Greek Tragedy (pt. II)

Read pt. I here. — (music)

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She placed the mug in front of him, she was warm just looking at him, it had been like that since the beginning. She could still remember all the steps to the dance that got them here: all the cups of coffee, all the late night fry runs.

She could still remember what he was wearing the first time they had brushed hands and it felt like a powerline had hit her. He had been in a pair of well fit light-wash jeans and a plain white t-shirt, next to her heavy boots his were stylish and sleek.

She could remember the first time she realized that just looking at him could make her blush. Just seconds ago, she had been staring out the window at him thinking she was going to burn up just knowing that he was hers.

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As she sat down though, everything ran cold, her blush fell from her face faster than a spring thunderstorm. It felt as if all her blood had sunk into her feet, leaving the rest of her shivering and pale. She looked away from him, a cold finger running down her spine. Her heart jumped as if just shocked back to life, sluggish and uncomfortable.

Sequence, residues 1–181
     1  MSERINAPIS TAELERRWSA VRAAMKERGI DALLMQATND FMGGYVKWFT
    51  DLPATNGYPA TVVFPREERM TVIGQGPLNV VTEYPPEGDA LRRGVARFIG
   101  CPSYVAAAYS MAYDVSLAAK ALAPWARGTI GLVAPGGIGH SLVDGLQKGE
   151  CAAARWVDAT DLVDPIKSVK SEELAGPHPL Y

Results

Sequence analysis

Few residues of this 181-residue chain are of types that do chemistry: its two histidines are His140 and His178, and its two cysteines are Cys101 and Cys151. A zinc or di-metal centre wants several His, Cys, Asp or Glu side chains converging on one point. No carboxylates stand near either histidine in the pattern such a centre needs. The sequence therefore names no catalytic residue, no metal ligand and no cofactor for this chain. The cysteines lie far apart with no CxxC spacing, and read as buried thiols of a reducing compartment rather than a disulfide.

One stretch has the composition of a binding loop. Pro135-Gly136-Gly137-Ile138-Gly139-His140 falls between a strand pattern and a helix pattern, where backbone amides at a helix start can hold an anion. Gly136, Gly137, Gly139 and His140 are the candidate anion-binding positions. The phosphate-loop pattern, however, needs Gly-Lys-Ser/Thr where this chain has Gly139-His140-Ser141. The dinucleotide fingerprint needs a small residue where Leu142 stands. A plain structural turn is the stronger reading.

In an attempt to warm herself, she brought her mug to her lips and the steam felt cool. Looking over at him didn’t warm her; that molten flame in her chest was guttering. She pressed her lips together as she gently placed the mug back onto the table with a small tap.

She could feel the breath in her chest jump and stumble a little, it wasn’t the normal hitch she got being near him. She lifted her mug again and let the warming steam brush its hands, like his, across her cheeks and nose. She took another sip of her coffee — bitter. She looked up at him — sweet.

She put the mug down again, warmth returning to her fingers, wondering what he would look like come rainy season in the spring. Would he wear that pair of soft, fit-as-if-tailored-specifically-for-him jeans with the tear in the knees? Would he wear that black sweatshirt she so desperately had wanted to steal, would he wear the sleek black jacket, that she loved on him, over it all?

She didn’t know how they were going to reach that point, but she knew they would. Her heart beat a little faster just thinking about it, but then it skipped like it hadn’t quite been beating in rhythm. She was still cold.

He murmured something, pulling her out of her thoughts, “Hmmm?” She responded.